Federal tax liens continue to attach to a debtor's contractual right to receive monetary payments in the future. See Dewsnup v. Timm , 502 U.S. 410, 418, 112 S.Ct. 773, 778√79, 116 L.Ed.2d 903 (1992); Marlin, supra , at *1; Wessel, supra , 161 B.R. at 160; and Rev.Rul. 55√210, 1955-1 C.B. 544. This is because tax liens ordinarily survive bankruptcy, since pre-existing liens remain enforceable against property even after the individual's personal liability had been discharged. See Dewsnup, supra , 502 U.S. at 418, 112 S.Ct. at 778√79; Johnson v. Home State Bank , 501 U.S. 78, 84, 111 S.Ct. 2150, 2154, 115 L.Ed.2d 66 (1991); Farrey v. Sanderfoot , 500 U.S. 291, 297, 111 S.Ct. 1825, 1829, 114 L.Ed.2d 337 (1991); Connor, supra , 27 F.3d at 366; and Wessel, supra , 161 B.R. at 160. Consequently, when a federal tax lien remains attached to a debtor's contractual right to receive monetary payments, the IRS can administratively seize the payments even if the debtor has received a discharge in bankruptcy. See Connor, supra , 27 F.3d at 366; and Wessel, supra , 161 B.R. at 160.

Moreover, when a debtor has an unqualified right to receive certain payments prior to the date on which the debtor files bankruptcy, such as disability benefits, annuity payments, or retirement pay, which is not contingent upon the debtor's provision of future services or upon some future occurrence, the right to receive the payments will be deemed to be fully vested. See Connor, supra , 27 F.3d at 366 (retirement benefits), and Marlin, supra , at *2 (same). In such a situation, the right to receive these unqualified future payments constitutes "property" acquired pre-petition which is within the reach of ╖ 6321. Id . See also Glass City Bank v. United States , 326 U.S. 265, 267√68, 66 S.Ct. 108, 110, 90 L.Ed. 56 (1945); Seaboard Surety Co. v. United States , 306 F.2d 855, 859 (9th Cir.1962) (a debtor's right to receive payments under a contract was "property" to which a lien attached before the debtor became entitled to receive the payments under the contract); and Fried, supra , 241 F.2d at 505 (disability payments to be received in the future are such property).

There are, however, several categories of property which are exempt from federal tax levy, pursuant to 26 U.S.C. ╖ 6334. See Blackerby I , at *3; In re Riley , 88 B.R. 906, 912 (Bankr.W.D.Wis.1987); and In re Driscoll , 57 B.R. 322, 327 n. 6 (Bankr.W.D.Wis. 1986). Only two of these exemptions are relevant in this case, those found at 26 U.S.C. ╖╖ 6334(a)(9) and (d). Subsection (a)(9) provides that property exempt from an IRS levy includes any amount of money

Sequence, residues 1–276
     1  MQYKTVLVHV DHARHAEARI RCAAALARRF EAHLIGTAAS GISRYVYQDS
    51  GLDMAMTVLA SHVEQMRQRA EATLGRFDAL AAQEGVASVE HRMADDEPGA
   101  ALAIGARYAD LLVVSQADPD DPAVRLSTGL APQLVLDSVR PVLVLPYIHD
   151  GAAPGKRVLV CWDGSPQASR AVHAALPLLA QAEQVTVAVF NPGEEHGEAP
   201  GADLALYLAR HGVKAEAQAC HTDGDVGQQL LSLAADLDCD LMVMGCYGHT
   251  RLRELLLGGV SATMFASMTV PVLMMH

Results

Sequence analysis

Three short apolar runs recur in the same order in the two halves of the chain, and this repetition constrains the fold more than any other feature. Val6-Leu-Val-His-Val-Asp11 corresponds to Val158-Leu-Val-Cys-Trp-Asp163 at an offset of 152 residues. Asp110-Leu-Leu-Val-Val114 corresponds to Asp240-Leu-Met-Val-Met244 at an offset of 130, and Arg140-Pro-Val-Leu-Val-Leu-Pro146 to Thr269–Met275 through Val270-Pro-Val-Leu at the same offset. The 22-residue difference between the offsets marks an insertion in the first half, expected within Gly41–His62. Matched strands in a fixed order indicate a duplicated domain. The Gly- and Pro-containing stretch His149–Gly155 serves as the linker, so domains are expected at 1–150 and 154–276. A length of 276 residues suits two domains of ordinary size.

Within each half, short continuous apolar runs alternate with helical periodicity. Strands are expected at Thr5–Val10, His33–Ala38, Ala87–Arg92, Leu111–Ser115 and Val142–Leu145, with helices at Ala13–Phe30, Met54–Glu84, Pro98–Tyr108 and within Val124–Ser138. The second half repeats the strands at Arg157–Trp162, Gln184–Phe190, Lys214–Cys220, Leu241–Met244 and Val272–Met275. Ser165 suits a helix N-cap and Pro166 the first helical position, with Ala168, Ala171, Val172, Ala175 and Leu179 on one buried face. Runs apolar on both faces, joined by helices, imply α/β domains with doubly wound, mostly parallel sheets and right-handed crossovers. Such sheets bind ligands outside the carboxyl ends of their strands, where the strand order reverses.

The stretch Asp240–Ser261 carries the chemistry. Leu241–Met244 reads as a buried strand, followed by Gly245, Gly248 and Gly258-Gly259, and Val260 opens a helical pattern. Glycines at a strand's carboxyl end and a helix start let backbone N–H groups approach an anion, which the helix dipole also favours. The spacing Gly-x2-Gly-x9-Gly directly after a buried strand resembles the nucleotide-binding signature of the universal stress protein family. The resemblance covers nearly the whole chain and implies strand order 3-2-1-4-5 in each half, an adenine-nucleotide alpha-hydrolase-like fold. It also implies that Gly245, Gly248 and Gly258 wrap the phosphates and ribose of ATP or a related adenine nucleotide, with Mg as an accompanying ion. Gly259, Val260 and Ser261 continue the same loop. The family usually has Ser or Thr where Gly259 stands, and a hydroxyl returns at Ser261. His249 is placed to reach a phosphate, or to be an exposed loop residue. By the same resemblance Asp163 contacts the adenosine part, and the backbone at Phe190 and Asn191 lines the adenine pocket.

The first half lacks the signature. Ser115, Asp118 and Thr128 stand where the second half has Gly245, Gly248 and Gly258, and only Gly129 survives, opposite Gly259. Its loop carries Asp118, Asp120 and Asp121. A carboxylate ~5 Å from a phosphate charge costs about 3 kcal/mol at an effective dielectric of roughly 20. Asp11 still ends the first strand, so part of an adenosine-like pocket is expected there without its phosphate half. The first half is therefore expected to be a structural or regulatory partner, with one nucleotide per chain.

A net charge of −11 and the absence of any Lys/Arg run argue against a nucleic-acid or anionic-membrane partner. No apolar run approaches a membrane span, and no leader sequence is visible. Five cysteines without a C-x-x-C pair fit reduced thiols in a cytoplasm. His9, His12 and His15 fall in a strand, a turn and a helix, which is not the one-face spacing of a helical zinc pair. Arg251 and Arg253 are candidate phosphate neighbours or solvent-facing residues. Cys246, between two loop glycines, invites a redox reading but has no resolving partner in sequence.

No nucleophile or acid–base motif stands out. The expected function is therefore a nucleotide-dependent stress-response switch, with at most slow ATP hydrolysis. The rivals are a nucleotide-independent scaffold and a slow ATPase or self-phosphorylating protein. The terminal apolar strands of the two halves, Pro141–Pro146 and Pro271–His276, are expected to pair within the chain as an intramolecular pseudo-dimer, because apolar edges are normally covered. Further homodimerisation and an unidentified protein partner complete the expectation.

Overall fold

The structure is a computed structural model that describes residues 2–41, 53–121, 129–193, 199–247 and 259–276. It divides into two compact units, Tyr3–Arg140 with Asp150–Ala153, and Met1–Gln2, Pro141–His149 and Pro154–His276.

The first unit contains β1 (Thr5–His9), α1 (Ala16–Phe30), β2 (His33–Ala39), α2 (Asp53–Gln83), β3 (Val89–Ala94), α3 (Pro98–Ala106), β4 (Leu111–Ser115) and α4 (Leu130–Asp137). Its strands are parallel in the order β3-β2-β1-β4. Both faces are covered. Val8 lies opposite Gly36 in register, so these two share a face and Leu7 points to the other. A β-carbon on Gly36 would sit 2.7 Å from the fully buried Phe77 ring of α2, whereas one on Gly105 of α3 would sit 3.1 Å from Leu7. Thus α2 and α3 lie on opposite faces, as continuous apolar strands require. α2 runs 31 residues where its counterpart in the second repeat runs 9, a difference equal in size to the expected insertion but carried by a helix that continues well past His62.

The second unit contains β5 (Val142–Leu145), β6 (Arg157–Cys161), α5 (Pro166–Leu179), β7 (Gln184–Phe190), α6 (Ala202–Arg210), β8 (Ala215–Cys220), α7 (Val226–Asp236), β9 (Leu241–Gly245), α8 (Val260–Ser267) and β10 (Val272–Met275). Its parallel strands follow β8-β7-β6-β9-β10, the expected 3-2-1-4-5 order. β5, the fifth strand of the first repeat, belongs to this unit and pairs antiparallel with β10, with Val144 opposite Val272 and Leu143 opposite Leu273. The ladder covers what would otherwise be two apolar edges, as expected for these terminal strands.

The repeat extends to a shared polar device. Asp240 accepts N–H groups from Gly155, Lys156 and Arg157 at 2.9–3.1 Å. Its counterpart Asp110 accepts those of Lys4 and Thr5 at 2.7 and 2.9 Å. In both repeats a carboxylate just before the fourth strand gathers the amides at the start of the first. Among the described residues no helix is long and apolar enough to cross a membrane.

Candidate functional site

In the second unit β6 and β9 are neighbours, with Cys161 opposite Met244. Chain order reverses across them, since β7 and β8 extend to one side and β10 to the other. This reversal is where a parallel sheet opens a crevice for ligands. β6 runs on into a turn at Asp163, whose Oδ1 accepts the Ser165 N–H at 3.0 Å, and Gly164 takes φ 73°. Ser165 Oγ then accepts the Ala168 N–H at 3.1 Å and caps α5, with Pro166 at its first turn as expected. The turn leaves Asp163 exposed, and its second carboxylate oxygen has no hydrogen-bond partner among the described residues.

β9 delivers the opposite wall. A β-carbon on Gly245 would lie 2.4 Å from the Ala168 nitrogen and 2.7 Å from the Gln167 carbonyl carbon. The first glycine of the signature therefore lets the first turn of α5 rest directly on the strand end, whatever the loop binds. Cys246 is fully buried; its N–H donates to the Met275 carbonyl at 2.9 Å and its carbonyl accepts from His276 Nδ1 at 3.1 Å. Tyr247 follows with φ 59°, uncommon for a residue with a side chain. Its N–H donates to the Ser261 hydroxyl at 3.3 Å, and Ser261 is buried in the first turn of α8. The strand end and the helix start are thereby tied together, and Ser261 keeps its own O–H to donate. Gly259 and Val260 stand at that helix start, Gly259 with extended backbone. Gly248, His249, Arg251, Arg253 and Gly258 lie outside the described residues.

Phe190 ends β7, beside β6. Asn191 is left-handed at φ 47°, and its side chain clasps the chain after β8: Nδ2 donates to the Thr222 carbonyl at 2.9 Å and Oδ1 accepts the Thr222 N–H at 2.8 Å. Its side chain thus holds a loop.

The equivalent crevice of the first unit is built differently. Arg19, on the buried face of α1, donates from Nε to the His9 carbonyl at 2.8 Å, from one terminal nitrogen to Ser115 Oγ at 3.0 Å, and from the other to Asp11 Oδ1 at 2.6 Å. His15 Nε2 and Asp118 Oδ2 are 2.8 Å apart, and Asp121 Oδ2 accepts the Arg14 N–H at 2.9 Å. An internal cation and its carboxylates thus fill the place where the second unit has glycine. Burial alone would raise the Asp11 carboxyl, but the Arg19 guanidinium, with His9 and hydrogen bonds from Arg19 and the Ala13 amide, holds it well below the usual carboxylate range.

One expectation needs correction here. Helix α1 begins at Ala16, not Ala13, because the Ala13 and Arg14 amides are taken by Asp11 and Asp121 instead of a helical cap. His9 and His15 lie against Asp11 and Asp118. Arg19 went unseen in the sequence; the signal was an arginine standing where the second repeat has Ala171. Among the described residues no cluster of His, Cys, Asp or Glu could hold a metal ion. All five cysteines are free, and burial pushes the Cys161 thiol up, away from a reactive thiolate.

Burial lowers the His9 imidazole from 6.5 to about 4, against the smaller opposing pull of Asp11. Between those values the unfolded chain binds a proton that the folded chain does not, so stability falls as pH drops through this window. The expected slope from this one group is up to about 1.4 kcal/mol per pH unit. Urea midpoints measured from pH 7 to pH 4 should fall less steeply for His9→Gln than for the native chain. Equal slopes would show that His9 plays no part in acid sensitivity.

received by an individual as wages or salary for personal services, or income derived from other sources, during any period, to the extent that the total of such amounts payable to or received by him during such period does not exceed the applicable exempt amount determined under subsection (d).

Subsection (d)(1) states that

[i]n the case of an individual who is paid or receives all of his wages, salary, and other income on a weekly basis, the amount of the wages, salary, and other income payable to or received by him during any week which is exempt from levy under subsection (a)(9) shall be the exempt amount.

However, while this enumerated property may be exempt from levy, it is not shielded from the lien itself. See United States v. Barbier , 896 F.2d 377, 378√79 (9th Cir.1990); In re King , 137 B.R. 43, 46 (D.Neb.1991); and In re Beard , 112 B.R. 951, 953 (Bankr.N.D.Ind.1990). The fact that the property may be exempt from levy therefore does not affect nor change the fact that the property is subject to a federal tax lien. See In re Sills , 82 F.3d 111, 113√14 (5th Cir. 1996); In re Voelker , 42 F.3d 1050, 1051√52 (7th Cir.1994); Blackerby I, supra , at *3; In re Straight , 200 B.R. 923, 932 (Bankr.D.Wyo. 1996), aff'd , 207 B.R. 217 (Bankr. 10th Cir. 1997); In re Schreiber , 163 B.R. 327, 334 (Bankr.N.D.Ill.1994); and Beard, supra , 112 B.R. at 953.

Thus, the Debtor's argument that the renewal commissions are wages and, as a result, are exempt from the IRS' tax lien is erroneous. As we established by our earlier ruling in this case, ╖ 6334 concerns property exempt from levy, not exempt from liens. Blackerby I , at *3. The renewal commissions, even if they are wages, would be exempt from a federal tax levy but not from an IRS tax lien, which is the question at issue.